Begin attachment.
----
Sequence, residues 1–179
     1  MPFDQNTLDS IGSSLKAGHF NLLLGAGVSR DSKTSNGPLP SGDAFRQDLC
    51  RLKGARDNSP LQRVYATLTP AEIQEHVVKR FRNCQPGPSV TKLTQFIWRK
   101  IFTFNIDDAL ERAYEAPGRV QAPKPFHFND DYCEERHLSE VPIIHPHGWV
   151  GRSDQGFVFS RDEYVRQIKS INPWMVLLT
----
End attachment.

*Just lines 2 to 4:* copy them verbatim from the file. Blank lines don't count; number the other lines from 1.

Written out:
     1  MPFDQNTLDS IGSSLKAGHF NLLLGAGVSR DSKTSNGPLP SGDAFRQDLC
    51  RLKGARDNSP LQRVYATLTP AEIQEHVVKR FRNCQPGPSV TKLTQFIWRK
   101  IFTFNIDDAL ERAYEAPGRV QAPKPFHFND DYCEERHLSE VPIIHPHGWV